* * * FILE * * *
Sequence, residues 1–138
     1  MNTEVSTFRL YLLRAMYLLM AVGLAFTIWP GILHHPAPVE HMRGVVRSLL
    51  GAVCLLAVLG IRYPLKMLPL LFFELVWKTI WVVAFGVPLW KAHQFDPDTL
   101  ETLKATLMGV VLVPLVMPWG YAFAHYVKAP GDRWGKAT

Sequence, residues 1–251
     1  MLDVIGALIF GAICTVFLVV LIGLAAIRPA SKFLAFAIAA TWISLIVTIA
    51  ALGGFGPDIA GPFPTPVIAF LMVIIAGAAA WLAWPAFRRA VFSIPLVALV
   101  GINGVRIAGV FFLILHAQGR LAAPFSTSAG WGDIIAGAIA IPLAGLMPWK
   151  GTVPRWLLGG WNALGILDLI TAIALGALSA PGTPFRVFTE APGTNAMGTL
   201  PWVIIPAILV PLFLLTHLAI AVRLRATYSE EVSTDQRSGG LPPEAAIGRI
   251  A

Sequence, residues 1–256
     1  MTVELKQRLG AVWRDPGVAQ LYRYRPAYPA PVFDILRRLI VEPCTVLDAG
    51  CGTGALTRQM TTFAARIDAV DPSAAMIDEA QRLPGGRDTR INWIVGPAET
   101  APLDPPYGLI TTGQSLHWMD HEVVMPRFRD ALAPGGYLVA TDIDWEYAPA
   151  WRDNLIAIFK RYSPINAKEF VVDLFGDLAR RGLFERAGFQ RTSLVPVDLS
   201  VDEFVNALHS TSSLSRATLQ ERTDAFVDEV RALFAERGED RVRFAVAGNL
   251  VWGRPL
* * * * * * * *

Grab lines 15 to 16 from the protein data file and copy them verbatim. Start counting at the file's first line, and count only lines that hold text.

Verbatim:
   101  APLDPPYGLI TTGQSLHWMD HEVVMPRFRD ALAPGGYLVA TDIDWEYAPA
   151  WRDNLIAIFK RYSPINAKEF VVDLFGDLAR RGLFERAGFQ RTSLVPVDLS